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MIB initiates Content Code discussions with broadcasters again

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MIB initiates Content Code discussions with broadcasters again

Members of the Parliament have raised objections to at least two different shows on Hindi general entertainment channels in the last two weeks. The latest was the protest against Star Plus’ new reality show ‘Sach Ka Saamna’. The Ministry of Information & Broadcasting (MIB) had issued a show-cause notice to STAR India following the uproar in Rajya Sabha on July 22, 2009, and sped up its plans to meet members of the broadcasting industry to discuss the regulations and the Content Code. The relevant members met the MIB on July 23, 2009.

Information and Broadcasting Minister Ambika Soni presided over the meeting, which saw participation of the Indian Broadcasting Foundation (IBF) and the News Broadcasting Authority (NBA). Some of the industry members who were present at the meeting included IBF President and Essel Group’s Jawahar Goel; NBA President and TV Today’s G Krishnan; STAR India’s Uday Shankar; India TV’s Rajat Sharma; IBN Group’s Rajdeep Sardesai, and Times Global Broadcasting’s Chintamani Rao.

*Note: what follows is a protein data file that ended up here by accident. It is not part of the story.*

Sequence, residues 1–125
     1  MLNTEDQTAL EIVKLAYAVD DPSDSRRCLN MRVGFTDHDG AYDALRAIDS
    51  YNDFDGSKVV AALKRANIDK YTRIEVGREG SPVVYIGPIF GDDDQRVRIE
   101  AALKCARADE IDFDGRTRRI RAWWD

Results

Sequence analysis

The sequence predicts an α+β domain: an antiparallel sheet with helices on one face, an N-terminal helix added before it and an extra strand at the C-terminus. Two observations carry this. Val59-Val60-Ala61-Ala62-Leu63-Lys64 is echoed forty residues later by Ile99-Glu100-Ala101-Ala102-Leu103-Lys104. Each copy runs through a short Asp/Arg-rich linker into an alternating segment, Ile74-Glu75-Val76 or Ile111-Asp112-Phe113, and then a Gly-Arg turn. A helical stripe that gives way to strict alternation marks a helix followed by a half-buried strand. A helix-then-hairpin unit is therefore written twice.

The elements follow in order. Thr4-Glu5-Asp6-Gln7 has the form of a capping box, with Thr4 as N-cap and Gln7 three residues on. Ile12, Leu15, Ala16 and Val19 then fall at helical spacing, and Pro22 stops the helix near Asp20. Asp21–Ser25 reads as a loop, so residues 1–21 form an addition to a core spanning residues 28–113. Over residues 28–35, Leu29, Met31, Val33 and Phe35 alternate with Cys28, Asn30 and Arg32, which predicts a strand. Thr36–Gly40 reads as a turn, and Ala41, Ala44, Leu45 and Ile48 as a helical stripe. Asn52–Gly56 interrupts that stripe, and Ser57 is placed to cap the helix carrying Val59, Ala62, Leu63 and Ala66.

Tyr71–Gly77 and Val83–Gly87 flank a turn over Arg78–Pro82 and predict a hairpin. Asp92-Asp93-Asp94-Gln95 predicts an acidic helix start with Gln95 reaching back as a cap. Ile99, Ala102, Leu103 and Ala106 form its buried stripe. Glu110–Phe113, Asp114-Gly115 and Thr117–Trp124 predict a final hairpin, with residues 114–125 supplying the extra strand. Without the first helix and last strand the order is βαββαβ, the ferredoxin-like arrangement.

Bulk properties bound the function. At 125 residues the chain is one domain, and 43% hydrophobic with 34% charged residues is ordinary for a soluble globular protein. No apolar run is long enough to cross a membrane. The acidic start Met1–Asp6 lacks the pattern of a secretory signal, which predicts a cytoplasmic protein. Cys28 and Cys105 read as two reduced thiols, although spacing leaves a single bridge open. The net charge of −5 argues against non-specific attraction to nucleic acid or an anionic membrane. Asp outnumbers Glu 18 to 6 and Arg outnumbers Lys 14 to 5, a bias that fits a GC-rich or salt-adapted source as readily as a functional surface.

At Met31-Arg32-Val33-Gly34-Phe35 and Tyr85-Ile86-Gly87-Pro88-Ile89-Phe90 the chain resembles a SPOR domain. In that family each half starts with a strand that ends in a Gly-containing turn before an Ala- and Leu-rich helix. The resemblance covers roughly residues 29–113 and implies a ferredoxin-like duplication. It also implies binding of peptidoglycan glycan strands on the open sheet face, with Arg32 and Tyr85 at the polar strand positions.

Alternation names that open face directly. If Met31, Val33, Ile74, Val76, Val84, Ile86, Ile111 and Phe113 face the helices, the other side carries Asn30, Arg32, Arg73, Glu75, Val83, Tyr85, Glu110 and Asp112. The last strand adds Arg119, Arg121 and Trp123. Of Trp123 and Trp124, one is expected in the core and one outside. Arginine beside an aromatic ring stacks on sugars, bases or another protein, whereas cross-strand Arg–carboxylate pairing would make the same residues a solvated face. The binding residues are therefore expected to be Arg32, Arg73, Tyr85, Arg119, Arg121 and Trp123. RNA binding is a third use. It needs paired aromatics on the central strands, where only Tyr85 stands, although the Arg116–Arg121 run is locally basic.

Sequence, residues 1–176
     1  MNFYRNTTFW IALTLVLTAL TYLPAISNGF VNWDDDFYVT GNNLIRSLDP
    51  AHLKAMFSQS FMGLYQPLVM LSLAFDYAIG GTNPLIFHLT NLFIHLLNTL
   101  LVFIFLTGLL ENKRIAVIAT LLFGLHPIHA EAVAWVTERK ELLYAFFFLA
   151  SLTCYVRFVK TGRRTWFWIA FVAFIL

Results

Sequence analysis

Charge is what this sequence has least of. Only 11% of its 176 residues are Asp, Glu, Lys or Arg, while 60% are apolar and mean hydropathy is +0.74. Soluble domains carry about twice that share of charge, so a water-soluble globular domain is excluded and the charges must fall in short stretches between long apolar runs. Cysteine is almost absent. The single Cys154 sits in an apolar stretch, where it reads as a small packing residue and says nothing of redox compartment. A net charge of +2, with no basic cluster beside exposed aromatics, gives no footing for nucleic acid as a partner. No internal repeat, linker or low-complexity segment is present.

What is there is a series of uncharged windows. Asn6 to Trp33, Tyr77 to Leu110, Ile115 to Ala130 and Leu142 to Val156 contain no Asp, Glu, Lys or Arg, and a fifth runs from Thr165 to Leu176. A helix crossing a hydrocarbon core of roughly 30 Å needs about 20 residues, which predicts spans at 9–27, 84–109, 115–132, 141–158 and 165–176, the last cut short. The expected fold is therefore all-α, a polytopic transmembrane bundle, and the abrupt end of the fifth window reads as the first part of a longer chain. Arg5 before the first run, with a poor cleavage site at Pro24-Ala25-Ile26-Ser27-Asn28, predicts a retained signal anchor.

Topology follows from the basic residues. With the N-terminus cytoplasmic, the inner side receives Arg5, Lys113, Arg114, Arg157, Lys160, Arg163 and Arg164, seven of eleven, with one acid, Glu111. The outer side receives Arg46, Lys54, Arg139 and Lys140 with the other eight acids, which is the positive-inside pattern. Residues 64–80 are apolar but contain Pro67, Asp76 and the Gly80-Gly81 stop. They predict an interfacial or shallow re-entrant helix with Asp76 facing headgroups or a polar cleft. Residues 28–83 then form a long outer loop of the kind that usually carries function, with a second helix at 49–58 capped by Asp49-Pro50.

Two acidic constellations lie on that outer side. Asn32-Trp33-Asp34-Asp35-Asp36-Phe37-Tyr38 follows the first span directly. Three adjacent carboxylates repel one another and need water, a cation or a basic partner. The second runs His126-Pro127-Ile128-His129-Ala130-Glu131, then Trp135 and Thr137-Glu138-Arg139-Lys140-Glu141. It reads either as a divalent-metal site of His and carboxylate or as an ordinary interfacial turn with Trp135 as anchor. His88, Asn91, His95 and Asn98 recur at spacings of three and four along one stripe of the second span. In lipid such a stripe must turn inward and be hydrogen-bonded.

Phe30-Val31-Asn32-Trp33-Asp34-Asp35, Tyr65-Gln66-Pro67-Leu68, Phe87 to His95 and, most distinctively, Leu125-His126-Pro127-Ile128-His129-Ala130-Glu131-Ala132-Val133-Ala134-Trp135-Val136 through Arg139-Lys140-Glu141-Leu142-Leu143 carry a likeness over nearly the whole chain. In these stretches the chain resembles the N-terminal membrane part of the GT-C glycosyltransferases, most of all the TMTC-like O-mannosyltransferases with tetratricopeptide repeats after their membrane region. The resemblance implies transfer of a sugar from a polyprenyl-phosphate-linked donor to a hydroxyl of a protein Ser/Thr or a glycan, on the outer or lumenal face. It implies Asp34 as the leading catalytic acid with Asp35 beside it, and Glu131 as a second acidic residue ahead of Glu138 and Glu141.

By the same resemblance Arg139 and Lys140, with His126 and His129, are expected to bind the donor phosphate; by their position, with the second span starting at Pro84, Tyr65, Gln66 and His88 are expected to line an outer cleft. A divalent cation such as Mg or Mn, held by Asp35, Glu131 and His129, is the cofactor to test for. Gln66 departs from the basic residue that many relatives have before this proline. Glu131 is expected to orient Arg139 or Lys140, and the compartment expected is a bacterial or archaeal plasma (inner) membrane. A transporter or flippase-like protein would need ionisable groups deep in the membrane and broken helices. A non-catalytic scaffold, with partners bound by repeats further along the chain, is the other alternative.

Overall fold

It is understood that the I&B Minister has given a clear indication that the Ministry’s intention was to collaborate with the industry members and take the Content Code forward in a manner that is beneficial for all involved. The preliminary discussion that took place on July 23 delved on various possibilities to take the Content Code deliberation forward, and one of the suggestions that was put forth was that a joint taskforce should be created that would include members from the broadcasting industry, film producers, production houses and so on, and the MIB to recommend a way forward for content regulation.

IBF President Jawahar Goel stated, “The Minister was very open to discussions on the matter, and I believe we would have to meet once more before we can form the taskforce and take the relevant steps on this subject.”

Speaking more on the subject, he said, “We are generating around 10,000 hours of programming every day, of which 2,000 hours is film-based content, which is in any case subjected to the Censor Board. There is also a mechanism in place for news programming. In that sense, it is not that there is no content regulation or relevant checks and balances in place. We have to take the discussion forward keeping all these points in mind.”

As is known, the broadcasting industry has been going to and fro with the government on the Content Code issue for over three years now. The issue has been stalled primarily because there has been no agreement between the industry members and the Government on what is perceived as a direct control over the freedom of the media to express itself and the freedom of the press. Media observers would know that this is a start of another long round of discussions between all involved before something is decided on this subject.


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